Limitations to this study should be considered. Our sample was a purposive sample of mostly older women drawn from 1 area in South Carolina.
African Americans were primarily recruited through churches, whereas whites were recruited through senior centers. This recruitment difference may account for some of the differences by group. Other
limitations include the use of self-reported measures for body mass index, levels of physical activity, perceptions of stress, location of residence, and quality of memory.
Participant responses may have been inaccurate or biased by a desire to comment in socially desirable ways. Finally, despite the best efforts of highly trained focus group moderators, some participants may speak more than others and may influence others’ opinions or their
willingness to speak.
Recent scientific evidence suggests that healthy behaviors improve one’s chances of maintaining cognitive and emotional health (3). White older adults in our study discussed staying physically active as a way to age well; for this population, it may be useful to emphasize the connection between physical activity and cognitive health, specifically, to provide an additional motivation to become physically active. African Americans did not discuss physical activity as a component of aging
well. For this population, it may be useful to motivate physical activity by emphasizing that brain health is a prerequisite of participating actively in the church and Bible study, of being
“sharp” or “clear minded” and having a good memory, of avoiding involvement in the health care system, and of living independently and continuing to travel, drive, work, and volunteer. The connection between physical activity and remaining independent may be a particularly motivating message for African
Americans, who valued independence.
Whites emphasized the role of genetics in aging well. For this group, it may be useful to communicate the likelihood that genetic predispositions are often moderated by behaviors. For example, evidence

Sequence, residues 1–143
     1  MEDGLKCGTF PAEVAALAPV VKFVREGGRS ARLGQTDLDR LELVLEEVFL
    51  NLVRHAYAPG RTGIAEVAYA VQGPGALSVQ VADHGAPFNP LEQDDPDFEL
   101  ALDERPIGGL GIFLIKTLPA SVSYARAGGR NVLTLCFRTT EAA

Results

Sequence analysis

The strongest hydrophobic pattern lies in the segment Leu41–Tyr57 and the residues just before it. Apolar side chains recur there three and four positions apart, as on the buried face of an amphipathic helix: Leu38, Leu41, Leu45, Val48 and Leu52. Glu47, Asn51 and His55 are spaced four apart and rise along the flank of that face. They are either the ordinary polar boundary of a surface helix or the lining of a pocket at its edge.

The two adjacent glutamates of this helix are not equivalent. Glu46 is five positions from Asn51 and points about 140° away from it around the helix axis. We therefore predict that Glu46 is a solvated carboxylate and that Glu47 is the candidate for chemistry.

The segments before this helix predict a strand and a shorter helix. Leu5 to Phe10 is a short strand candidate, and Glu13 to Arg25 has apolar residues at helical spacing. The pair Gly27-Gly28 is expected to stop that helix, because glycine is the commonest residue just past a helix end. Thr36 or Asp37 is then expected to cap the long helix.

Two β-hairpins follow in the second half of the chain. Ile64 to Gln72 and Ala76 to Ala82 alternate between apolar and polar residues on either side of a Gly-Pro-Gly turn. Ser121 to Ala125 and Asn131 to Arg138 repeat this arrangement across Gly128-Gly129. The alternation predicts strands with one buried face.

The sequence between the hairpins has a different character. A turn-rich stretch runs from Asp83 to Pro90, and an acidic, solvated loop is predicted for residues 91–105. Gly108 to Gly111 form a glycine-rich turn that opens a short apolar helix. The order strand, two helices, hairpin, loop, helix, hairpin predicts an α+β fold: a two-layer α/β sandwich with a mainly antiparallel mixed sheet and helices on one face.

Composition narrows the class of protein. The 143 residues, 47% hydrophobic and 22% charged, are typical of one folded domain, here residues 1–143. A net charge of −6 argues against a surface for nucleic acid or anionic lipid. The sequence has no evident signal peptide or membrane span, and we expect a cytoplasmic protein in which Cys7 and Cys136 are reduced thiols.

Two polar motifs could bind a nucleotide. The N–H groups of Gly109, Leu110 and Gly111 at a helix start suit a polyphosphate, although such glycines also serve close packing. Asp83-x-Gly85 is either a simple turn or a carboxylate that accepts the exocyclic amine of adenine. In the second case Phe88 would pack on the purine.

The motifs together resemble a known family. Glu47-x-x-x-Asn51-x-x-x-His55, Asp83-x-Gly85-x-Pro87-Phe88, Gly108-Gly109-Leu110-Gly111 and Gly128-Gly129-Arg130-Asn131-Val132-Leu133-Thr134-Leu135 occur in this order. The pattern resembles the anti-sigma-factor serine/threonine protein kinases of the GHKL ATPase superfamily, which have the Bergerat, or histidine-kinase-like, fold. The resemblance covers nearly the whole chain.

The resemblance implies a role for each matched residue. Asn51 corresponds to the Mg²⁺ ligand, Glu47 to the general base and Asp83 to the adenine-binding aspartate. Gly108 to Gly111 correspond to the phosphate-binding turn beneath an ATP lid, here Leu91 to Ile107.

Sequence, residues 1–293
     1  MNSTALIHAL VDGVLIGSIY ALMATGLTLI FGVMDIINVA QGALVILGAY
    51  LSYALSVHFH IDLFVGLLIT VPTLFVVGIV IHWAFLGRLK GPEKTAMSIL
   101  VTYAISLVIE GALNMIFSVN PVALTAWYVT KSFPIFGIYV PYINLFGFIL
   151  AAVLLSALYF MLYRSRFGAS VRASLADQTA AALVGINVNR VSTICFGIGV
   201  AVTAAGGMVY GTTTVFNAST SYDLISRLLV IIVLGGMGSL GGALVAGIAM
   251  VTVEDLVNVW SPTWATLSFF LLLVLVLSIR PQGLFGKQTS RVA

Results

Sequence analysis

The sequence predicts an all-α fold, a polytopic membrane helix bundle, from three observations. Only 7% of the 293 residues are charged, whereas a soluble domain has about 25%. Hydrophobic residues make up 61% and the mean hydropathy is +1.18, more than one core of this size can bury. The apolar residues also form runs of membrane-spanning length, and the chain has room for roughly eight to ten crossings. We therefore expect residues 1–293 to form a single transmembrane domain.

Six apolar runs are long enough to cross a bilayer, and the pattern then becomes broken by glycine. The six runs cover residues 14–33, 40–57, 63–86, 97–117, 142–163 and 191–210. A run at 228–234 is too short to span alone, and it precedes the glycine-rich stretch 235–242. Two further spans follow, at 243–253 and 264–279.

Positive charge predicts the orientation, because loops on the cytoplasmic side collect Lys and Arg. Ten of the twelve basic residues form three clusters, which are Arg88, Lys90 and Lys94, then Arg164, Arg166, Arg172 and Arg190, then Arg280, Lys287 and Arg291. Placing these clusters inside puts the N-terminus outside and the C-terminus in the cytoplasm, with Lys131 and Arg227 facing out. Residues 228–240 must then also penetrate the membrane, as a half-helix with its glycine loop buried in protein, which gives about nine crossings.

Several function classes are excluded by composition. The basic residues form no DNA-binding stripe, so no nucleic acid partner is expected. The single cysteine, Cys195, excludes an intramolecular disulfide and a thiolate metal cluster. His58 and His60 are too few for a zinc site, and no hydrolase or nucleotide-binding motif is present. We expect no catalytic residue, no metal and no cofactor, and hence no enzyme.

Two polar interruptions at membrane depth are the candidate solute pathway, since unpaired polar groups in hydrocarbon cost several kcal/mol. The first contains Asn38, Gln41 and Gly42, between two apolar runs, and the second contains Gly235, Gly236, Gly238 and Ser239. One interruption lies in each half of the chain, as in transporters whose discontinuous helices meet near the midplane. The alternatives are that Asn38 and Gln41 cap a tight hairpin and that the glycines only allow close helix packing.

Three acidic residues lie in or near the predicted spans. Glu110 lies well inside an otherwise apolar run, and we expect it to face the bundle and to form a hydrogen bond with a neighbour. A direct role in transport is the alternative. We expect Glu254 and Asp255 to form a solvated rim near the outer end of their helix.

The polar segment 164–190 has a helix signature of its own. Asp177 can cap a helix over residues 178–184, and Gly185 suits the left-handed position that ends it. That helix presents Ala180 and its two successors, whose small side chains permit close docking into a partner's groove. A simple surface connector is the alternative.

suggests that physical activity and heart-healthy diets may reduce the risk of
brain disorders (22-24). African Americans and whites did not commonly associate
nutrition with aging well, which also suggests a useful focus for health
promotion interventions. Health promotion and prevention strategies could also
focus on the shared perceptions (23) of aging well. For example, health communications focused on social involvement and spirituality
may be meaningful to both African Americans and whites.
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This research was conducted while all authors were at the Arnold School of Public Health, University of South Carolina, Columbia, South Carolina. We thank all project team members, focus group moderators, and focus group participants for their contributions to this research. We thank Anna Mathews, MS; Dale Morris; Kimberly Butler, MPH; Marcia Lane, MPH; and Carol Cornman for their research assistance.
This research was supported in part by cooperative agreements from CDC’s PRC HAN, Special Interest Project (SIP) 13-04,
and SIP 8-06, and by
cooperative agreements 1-U48-DP-000025, 1-U48-DP-000033, 1-U48-DP-000045, 1-U48-DP-000048, 1-U48-DP-000050,1-U48-DP-000051, 1-U48-DP-000052, 1-U48-DP-000054, and 1-U48-DP-000059. The PRC HAN is
supported by CDC’s Healthy Aging Program.
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Corresponding Author: Sara J. Corwin, MPH, PhD, Arnold School of Public Health, University of South Carolina, 800 Sumter St,
No. 216E, Columbia, SC 29208. Telephone: 803-777-3636. E-mail:
Author Affiliations: James N. Laditka, Sarah B. Laditka, University of North Carolina at Charlotte, Charlotte, North Carolina; Sara Wilcox, Rui
Liu, University of South Carolina, Columbia, South Carolina.